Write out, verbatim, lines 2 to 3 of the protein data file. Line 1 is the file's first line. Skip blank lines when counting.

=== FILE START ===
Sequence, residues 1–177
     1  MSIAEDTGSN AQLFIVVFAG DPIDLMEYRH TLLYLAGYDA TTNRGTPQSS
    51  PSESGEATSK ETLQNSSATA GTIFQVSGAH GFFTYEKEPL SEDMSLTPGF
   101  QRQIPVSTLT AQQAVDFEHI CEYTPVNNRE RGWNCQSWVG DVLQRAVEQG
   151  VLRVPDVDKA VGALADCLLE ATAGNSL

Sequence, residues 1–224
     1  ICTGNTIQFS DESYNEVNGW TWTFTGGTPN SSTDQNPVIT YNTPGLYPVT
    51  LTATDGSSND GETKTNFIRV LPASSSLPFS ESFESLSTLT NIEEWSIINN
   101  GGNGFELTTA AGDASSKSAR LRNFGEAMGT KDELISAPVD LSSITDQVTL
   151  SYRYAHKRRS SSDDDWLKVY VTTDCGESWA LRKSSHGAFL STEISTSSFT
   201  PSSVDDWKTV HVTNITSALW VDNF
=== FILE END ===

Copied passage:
     1  MSIAEDTGSN AQLFIVVFAG DPIDLMEYRH TLLYLAGYDA TTNRGTPQSS
    51  PSESGEATSK ETLQNSSATA GTIFQVSGAH GFFTYEKEPL SEDMSLTPGF